I’ve been meaning to slip away and write a Mother’s Day post for a few days now, but my days have been filled with photography work and extended family and my adored friend Caitlin visiting from New Zealand. This, funnily enough, is so fitting: that although motherhood is a calling which so deeply defines us, there are – there must be – identities outside of motherhood which feed us, which represent us, which widen us. Motherhood is juggling one important piece of work that fills us up with another, while staying forever anchored to these little souls our heart beats for.
On Sunday, I was equal parts happy to be in the club, and sad for those I know and love who desperately want to join it. We view motherhood as a right – something we’re entitled to as women, a pill unbearable to swallow should it be denied. For this reason, the women I know suffer a silent grief. A very specific grief. A mourning of something they never had, something that was never theirs. Like my friend said, “It’s its own kind of specialised hell.”
I cry for them, I cry with them, these women I love, but the truth is I feel like a fraud, like how could I really know what that kind of pain is like? How could I – with my fertile ovaries and my healthy children and my big fat fortune slapping them in the face – be qualified to grieve with them? But I try anyway because doing so imperfectly is better than being scared to try at all.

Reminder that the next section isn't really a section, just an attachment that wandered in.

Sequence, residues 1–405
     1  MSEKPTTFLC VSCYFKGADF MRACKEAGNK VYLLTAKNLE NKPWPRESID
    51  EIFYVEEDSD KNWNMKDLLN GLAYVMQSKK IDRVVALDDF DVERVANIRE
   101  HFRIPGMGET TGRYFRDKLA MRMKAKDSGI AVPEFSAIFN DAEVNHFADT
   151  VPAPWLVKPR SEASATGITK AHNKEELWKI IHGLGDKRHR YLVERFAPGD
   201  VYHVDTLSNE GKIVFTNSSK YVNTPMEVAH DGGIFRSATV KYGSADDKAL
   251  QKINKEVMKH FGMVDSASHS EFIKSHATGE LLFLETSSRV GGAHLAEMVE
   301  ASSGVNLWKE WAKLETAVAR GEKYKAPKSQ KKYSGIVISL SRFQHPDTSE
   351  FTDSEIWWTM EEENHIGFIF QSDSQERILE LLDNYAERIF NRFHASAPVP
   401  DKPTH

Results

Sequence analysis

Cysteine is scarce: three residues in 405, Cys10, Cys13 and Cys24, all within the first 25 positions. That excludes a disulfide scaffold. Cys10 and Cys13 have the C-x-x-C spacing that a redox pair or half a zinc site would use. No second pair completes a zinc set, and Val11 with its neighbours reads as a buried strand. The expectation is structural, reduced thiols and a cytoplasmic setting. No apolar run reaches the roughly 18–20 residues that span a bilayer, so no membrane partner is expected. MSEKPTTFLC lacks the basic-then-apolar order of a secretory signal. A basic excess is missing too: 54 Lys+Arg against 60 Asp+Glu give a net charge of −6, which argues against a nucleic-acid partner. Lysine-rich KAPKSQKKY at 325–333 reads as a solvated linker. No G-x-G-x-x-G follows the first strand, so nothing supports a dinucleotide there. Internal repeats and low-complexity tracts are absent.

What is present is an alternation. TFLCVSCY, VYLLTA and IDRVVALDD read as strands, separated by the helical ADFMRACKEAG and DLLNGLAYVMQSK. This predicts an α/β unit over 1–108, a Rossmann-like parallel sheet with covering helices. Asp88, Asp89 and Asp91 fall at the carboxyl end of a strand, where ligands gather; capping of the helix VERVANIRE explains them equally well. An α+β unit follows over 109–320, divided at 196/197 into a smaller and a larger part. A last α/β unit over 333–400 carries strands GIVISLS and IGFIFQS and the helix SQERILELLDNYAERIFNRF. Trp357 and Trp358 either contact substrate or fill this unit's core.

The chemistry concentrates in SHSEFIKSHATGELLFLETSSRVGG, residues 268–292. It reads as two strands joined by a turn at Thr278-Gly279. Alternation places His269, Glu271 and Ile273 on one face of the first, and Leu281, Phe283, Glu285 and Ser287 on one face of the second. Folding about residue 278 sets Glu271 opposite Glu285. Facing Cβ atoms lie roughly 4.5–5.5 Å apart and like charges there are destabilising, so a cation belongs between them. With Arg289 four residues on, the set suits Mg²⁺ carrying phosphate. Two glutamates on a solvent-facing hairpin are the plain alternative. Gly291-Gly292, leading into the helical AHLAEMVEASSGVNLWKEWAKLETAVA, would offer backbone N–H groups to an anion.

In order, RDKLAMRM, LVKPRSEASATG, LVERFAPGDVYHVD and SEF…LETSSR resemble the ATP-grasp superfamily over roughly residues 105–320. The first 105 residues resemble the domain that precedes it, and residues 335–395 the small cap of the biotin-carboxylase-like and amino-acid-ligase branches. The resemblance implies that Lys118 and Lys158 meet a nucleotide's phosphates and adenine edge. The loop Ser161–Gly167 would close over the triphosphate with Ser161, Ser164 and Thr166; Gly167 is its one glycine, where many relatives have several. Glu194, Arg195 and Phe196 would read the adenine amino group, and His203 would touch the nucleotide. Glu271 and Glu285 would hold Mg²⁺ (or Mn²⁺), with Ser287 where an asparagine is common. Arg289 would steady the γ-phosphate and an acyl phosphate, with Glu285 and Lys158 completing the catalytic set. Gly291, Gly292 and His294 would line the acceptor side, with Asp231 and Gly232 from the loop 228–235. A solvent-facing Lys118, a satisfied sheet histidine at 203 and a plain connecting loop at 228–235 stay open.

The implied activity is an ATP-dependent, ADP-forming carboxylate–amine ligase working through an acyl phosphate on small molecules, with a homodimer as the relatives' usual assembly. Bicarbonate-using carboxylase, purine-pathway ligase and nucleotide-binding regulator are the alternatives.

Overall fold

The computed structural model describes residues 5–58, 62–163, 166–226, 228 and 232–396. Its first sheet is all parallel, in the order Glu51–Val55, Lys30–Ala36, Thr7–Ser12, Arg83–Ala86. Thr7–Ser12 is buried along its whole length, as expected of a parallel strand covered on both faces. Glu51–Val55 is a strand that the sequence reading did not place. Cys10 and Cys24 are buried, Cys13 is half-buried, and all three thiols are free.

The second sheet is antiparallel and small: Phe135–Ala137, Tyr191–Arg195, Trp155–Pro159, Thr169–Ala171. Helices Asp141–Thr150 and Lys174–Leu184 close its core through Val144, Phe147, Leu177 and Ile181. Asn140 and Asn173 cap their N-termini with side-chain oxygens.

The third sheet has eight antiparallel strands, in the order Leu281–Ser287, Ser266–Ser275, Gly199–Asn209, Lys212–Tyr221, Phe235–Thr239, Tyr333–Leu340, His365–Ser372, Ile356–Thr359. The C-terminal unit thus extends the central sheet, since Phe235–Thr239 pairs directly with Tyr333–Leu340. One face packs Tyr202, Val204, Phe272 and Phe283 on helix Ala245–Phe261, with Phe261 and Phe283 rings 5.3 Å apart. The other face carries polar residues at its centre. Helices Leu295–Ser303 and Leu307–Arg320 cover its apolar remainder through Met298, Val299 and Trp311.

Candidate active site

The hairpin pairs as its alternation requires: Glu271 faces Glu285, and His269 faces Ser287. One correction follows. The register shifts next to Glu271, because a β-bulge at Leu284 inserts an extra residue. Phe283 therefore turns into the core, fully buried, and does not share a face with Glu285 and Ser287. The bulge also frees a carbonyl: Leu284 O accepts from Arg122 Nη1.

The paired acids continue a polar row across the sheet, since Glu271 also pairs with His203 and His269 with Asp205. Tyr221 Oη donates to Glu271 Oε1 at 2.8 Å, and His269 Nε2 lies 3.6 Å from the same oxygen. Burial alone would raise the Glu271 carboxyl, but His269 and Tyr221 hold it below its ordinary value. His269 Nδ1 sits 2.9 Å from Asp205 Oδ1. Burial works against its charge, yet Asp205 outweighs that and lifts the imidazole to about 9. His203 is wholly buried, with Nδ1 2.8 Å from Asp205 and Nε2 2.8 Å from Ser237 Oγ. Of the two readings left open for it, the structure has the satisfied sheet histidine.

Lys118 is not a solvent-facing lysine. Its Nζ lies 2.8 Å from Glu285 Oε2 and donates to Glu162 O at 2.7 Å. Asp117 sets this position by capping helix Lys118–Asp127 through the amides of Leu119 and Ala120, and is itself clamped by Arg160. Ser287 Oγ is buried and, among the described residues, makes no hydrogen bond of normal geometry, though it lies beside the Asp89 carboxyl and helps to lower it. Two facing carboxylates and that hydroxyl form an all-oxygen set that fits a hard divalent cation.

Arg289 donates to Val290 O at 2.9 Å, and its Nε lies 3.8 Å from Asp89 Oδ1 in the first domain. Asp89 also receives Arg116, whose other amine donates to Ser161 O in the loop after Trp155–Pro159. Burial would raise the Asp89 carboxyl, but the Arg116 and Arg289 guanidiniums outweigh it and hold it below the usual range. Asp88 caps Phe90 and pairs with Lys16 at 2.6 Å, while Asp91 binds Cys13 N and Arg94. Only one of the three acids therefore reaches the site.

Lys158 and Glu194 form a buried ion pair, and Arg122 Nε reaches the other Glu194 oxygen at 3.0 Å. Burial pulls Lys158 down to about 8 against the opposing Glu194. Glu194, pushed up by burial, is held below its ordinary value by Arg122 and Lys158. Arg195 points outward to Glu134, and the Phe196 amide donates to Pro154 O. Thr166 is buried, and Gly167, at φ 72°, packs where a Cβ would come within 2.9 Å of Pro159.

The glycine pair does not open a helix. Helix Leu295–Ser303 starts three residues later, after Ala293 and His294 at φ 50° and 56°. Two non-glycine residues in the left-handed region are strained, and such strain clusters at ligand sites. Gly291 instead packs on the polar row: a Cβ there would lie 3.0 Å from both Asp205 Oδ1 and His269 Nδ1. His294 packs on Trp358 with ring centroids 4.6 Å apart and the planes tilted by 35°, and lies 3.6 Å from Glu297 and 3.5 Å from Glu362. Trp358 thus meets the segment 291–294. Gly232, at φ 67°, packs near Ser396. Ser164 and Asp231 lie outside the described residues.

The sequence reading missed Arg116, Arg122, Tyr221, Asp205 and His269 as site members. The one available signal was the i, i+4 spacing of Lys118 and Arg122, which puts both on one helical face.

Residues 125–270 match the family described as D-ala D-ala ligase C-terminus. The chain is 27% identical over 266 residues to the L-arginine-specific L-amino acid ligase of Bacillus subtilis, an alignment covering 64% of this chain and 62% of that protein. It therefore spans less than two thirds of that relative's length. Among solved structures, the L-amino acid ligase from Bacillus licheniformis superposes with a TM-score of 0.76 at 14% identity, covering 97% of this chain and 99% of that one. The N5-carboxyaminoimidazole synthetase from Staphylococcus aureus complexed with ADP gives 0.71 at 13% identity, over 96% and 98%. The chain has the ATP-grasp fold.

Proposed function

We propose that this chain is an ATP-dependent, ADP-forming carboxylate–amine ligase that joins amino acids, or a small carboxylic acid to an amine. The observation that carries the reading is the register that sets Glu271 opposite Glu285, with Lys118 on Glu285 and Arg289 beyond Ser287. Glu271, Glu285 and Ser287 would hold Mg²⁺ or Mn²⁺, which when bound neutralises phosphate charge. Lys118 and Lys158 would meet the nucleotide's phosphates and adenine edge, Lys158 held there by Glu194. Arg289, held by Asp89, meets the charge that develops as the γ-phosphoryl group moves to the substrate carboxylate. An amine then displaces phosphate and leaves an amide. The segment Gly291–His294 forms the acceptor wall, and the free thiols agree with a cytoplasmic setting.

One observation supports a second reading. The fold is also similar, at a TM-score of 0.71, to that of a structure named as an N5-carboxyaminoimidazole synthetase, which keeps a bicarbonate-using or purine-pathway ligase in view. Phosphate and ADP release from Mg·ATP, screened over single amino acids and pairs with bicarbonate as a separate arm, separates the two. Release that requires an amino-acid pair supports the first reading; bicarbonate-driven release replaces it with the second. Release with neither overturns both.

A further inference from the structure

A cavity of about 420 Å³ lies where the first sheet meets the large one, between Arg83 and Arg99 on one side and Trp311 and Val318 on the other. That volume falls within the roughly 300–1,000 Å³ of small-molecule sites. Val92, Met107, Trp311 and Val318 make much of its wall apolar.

Motherhood is not a God-given right. It’s a privilege. And oh though it’s hard to remember that on the bad days, it’s the only thing we should.
So we fold the identities we have outside of motherhood into a safe place, full of all our valuable things, and we take them out as we need. But each day we fall as deeply into motherhood as we can – we let it define us, even when it comes with the sacrifice it does, because the truth is, it’s not our right to have.
To my children, my babies, what can I possibly say? Thank you for being here. Thank you for giving me the gift of loving you. I will try with all my might to make the very most of this short time I have with you, not only because being a mother is a privilege, but because little else matters to me more than being yours.
‘I am your mother, the first mile of your road. Me and all my obvious and hidden limitations. This means that in addition to possibly wrecking you, I have the chance to give you what was given to me: a decent childhood, more good memories that bad, some values, a sense of tribe, a run at happiness. You can’t imagine how seriously I take that – even as I fail you. Mothering you is the first thing of consequence that I have ever done.’ Kelly Corrigan